'Gyeongju': Locarno Review
Korean-Chinese helmer Zhang Lu evokes love, laughter and loss in a tomb-strewn town
While literally meaning "celebratory county," Gyeongju — which was the capital of the powerful Silla Kingdom a millennium ago — is now also famous for the tombs and tumuli visibly strewn across town. Set in the city, Zhang Lu's film is a delicate showcase of this very paradoxical mix of revelry and remembrance. Revolving around a Beijing-based Korean academic's two-day, one-night visit to the city, the Korean-Chinese director's seventh feature — and his first in five years — is a breezy, bittersweet drama in which humor and bubbling affections are nearly always subtly moderated by bereavement and faithfulness toward the beloved departed.
Having long established himself with films heaving with reflections on social trauma — his previous films have invariably centered around the travails of the disfranchised, dislocated and disregarded in alienating big cities and angst-ridden borderlands — Zhang has produced what is easily the most lighthearted project in his career. Far from veering deep into rom-com territory, however, Gyeongju trades in subtle sentiments and symbolism — with quite a few nods to Zhang's favorite theme of identity politics. While not exactly setting box offices afire at home — it generated just over 62,000 admissions during its monthlong run in June-July — the film's fortunes probably lie abroad, with its international premiere at Locarno probably heralding a run in festivals and Korean-themed programs.
Zhang's knack for comedy reared its head two years ago, when he co-wrote Korean cinema grandee Kim Dong-ho's directorial debut, Jury, a short film about the intrigue and infighting within a panel of festival-award adjudicators. Having since delivered one of his most overtly political pieces in the migrant-worker documentary Scenery (an entry at Busan last year), Zhang has now bolted toward the other end of the spectrum with a premise resembling Richard Linklater's Before... films. Jaded university lecturer Choi Hyeon (Park Hae-il, The Host) wanders around Gyeongju, meets the cute tea-room owner Gong Yun-hee (Shin Min-ah, My Girlfriend Is a Gumiho), and then whiles the day (and evening) away with her at a restaurant, a karaoke bar, a burial mound, and finally her apartment.
But Choi and Gong are not romantic youngsters trying — as Linklater's two protagonists always are, throughout the three films — desperately to gauge the meaning of life. For the Korean duo in Gyeongju, death is a more immediate topic. Choi is back in Korea to attend the funeral of an estranged best friend, and his trip to Gyeongju is driven by the wish to find an "obscene" painting he remembers seeing while drinking with his buddy for the last time. Meanwhile, Gong — who amazed the Sinophile for being a descendant of the long-dead Confucius — is still inwardly grieving for a loved one, a scar which keeps her at a distance from both Choi as well as her police-officer suitor (Kim Tae-hoon).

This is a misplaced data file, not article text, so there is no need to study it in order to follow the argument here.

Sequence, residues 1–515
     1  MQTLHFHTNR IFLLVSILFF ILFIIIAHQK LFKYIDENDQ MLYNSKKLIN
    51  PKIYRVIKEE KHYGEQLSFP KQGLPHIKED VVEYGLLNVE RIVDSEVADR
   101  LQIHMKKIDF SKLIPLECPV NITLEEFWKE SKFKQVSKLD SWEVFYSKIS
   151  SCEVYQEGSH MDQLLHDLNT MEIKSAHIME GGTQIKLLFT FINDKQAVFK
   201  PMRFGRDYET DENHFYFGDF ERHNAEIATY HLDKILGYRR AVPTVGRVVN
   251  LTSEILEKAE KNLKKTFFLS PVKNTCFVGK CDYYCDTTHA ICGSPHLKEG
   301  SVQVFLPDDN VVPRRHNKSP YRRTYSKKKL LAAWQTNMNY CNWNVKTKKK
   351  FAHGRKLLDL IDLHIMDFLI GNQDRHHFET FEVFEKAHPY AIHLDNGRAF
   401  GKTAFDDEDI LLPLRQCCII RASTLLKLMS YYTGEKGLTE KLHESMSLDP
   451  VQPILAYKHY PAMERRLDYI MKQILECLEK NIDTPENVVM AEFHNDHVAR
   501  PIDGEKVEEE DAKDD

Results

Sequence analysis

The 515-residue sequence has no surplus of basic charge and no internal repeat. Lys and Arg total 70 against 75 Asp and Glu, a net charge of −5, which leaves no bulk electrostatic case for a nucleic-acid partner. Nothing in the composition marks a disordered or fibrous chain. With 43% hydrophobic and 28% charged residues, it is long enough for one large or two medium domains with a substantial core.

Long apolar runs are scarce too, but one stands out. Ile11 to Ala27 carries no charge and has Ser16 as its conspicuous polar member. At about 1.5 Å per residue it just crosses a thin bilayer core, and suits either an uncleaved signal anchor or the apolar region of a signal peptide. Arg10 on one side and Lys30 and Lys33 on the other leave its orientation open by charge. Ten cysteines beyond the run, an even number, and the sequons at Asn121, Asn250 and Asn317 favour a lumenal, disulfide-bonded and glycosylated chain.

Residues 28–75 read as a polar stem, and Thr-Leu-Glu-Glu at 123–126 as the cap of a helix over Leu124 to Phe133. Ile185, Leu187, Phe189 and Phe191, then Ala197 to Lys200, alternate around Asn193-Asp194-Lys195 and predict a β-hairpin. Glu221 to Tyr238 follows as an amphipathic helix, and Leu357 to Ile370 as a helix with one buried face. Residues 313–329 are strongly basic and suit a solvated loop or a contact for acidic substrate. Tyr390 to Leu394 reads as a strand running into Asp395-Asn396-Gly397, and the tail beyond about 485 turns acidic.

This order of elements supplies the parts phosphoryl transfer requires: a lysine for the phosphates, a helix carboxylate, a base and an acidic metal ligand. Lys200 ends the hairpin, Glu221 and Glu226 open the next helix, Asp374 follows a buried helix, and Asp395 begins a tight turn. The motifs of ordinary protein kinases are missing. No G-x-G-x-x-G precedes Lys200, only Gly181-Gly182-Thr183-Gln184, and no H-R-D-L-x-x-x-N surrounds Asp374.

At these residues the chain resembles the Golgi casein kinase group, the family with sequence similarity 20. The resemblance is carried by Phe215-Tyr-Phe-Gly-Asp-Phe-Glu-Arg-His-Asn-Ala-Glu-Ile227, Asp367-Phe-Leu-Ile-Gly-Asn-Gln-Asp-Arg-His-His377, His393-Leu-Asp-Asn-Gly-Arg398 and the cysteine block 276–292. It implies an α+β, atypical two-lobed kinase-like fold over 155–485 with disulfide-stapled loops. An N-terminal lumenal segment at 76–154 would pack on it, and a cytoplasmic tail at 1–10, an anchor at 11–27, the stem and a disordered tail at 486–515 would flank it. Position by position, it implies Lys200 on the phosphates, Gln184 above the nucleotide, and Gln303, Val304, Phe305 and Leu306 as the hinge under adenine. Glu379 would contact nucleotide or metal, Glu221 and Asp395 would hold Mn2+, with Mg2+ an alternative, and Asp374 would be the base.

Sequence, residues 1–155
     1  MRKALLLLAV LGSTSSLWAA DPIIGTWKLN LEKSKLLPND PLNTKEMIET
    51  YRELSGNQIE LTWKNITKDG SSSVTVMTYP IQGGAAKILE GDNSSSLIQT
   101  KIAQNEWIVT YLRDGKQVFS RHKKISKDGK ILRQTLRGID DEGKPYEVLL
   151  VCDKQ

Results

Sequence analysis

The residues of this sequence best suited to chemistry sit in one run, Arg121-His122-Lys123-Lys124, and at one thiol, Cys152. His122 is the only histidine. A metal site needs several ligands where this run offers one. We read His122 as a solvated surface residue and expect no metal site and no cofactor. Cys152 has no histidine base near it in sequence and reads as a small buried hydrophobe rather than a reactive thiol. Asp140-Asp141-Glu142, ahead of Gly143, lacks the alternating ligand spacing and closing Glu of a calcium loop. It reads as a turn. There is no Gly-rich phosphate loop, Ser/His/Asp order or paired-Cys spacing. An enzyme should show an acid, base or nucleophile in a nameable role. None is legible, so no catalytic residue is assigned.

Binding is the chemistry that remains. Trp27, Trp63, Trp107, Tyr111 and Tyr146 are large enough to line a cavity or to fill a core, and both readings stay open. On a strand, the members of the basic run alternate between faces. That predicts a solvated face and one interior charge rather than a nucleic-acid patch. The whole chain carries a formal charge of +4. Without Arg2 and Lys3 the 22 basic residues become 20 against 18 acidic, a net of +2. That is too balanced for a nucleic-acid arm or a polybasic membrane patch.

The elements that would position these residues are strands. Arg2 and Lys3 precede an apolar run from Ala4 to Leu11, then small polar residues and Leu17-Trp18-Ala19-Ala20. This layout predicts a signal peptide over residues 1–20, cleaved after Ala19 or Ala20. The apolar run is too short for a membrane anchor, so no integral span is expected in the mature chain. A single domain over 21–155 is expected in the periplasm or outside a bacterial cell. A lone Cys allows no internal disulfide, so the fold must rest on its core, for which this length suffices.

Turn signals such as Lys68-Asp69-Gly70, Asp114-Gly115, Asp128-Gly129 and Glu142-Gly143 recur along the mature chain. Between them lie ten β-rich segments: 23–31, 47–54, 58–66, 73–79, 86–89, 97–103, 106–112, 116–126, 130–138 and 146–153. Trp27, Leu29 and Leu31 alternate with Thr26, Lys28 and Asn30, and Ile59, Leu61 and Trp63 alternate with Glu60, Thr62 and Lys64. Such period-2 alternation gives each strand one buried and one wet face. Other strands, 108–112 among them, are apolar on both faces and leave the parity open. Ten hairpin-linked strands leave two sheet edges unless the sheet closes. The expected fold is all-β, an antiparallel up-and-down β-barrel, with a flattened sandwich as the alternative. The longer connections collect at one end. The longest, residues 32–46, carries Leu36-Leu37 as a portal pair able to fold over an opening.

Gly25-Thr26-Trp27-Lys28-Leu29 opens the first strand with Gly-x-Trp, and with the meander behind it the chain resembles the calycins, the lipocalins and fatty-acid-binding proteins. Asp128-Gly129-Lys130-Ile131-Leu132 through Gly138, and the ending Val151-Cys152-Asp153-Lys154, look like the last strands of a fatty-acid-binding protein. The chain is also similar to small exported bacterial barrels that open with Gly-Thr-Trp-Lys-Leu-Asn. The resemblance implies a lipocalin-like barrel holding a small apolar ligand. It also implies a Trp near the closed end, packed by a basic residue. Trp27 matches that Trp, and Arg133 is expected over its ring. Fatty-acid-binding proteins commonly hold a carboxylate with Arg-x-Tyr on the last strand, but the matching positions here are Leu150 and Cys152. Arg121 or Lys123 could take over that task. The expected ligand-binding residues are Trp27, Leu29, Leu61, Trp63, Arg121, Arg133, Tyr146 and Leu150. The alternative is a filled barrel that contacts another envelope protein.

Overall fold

Beyond this skeletal framework, Gyeongju reflects Zhang's long-running interest in examining how individual hopes and fears for better lives are affected by external forces, especially that of discrimination against the physically and politically alien (see also: 2007's Desert Dream or 2008's Iri). Of course, Gyeongju is gentler in its reflections on this topic, and the mere representation of this once glorious and now sleepy city — courtesy of evocative camerawork from Cho Young-jik — is indicative of the softer approach here.
Perhaps citing some of his own mixed-heritage experiences in life, Zhang depicts how Choi's internationalist existence — he is married to a Chinese woman, smokes Chinese cigarettes, counts the Japanese acquired-taste natto (sticky soya beans) as his favorite food, and is markedly lacking in patriotic rigor — are derided by both old flames and new acquaintances. He is also put to shame when he struggles to respond to a Japanese tourist offering her apologies about the suffering the Japanese inflicted on Korea during World War II; as he spews nonsense about his love of natto, Gong intervenes with a concise yet graceful answer about forgiveness but not forgetfulness toward past wrongs.
While their photogenic looks are posed as an object of a running joke throughout the film, Park and Shin — making her first foray into non-mainstream cinematic territory — provide sufficiently restrained turns in generating the panged-up frustrations and fears of their characters. The array of supporting characters (among them also Baek Hyeon-jin as the crass small-town lecturer, and The Berlin File director Ryoo Seung-wan as a meek florist) offer some sharp comic relief and also a calibrated backdrop for the mourning melancholy of the leads. And the big reveal at the end — about the painting, and the object of Choi's real (and perhaps much-suppressed) affections — provides a moving finale to what is a nuanced drama.
Production companies: Lu Film, Invent Stone Corp
Cast: Park Hae-il, Shin Min-ah, Yoon Jin-seo, Kim Tae-hoon
Director: Zhang Lu
Screenwriter: Zhang Lu
Producers: Choi Ji-hyeon, Yoo Byung-ok
Executive producer: Na Kyeong-chan
Director of photography: Cho Young-jik
Production designer: Kim Cho-hea
Costume designer: Lim Chan-young
Editor: Kim Hyung-bo
Music: Kang Min-kook
Sales: M-Line Distribution
In Korean and Mandarin
No rating, 145 minutes